Aizawl, Sept. 21: The anti-corruption special court here granted bail to two state PWD officials and one ex-official yesterday, inviting the wrath of anti-graft activists who have been demanding their imprisonment.
The trio — Mizoram PWD engineer-in-chief Lianchungnunga, accountant B. Lalthanpuia and retired engineer-in-chief Liansanga, who were arrested by the Anti-Corruption Bureau last month and then granted interim bail on August 17 by the special court on health grounds — deposited bail bonds of Rs 1 lakh each.
The three officials are accused in a case related to misappropriation of government funds meant for the Serkhan-Bagha road.
The anti-graft activists, who have been on the warpath since the beleaguered state government reluctantly suspended the two officials last week, resolved in a rally yesterday to seek the high court’s intervention to expose the circumstances under which the special court had granted interim bail to the officials on August 17 and its orders thereafter, which, according to the activists, amounted to miscarriage of justice.
They resolved to bring to the notice of the high court the fact that on August 17, the special court had kept its offices open for an hour beyond the normal working hours to receive the trio’s bail plea.
“We will not allow justice to be miscarried by the rich and the powerful; the courts never do this for others; if everyone is equal before law then why this favouritism for these high officials?” was one of the questions asked in speeches during the rally at Vanapa Hall here.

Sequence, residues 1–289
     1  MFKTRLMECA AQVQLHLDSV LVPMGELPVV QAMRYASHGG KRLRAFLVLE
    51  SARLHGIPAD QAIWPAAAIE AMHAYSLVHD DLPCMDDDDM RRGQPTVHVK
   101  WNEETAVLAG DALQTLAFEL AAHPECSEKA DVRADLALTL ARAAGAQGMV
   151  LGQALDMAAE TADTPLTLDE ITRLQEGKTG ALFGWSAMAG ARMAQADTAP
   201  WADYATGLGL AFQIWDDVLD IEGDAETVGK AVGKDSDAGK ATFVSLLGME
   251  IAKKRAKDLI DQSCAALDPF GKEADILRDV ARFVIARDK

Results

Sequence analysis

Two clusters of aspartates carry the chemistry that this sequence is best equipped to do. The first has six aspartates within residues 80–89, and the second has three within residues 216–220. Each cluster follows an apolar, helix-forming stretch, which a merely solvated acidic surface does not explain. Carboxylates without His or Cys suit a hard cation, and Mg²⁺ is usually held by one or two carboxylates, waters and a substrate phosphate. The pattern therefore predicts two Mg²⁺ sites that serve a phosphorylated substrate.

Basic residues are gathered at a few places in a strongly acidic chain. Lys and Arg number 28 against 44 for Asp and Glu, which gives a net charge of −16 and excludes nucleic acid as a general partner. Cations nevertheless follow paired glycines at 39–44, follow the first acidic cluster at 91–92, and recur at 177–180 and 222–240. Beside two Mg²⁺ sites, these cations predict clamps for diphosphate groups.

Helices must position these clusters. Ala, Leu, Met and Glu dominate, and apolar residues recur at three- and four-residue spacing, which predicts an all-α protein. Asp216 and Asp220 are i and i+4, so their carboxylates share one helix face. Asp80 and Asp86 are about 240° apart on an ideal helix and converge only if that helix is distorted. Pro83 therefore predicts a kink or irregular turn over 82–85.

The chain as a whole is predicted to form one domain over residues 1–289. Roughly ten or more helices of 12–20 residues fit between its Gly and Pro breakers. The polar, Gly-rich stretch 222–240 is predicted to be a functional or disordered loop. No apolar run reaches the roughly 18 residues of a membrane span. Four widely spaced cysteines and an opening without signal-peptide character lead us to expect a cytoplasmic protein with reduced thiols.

This was the third rally spearheaded by the RTI organisations, People’s Right to Information and Development Society of Mizoram and Society for Social Action, against graft in the state.
According to the activists, this is an open and shut case, going by the revelations in the documents handed out by the PWD in reply to RTI applications.
In fact, the public prosecutor had read out a statement by accountant Lalthanpuia in the special court that revealed several startling facts, including the confession that the latter had been instrumental in forging eight different letters of credit in a desperate bid by the officials to cover their tracks.
The activists also urged the government to dismiss the two accused from service, as, according to their medical certificates, they were too ill to continue in service.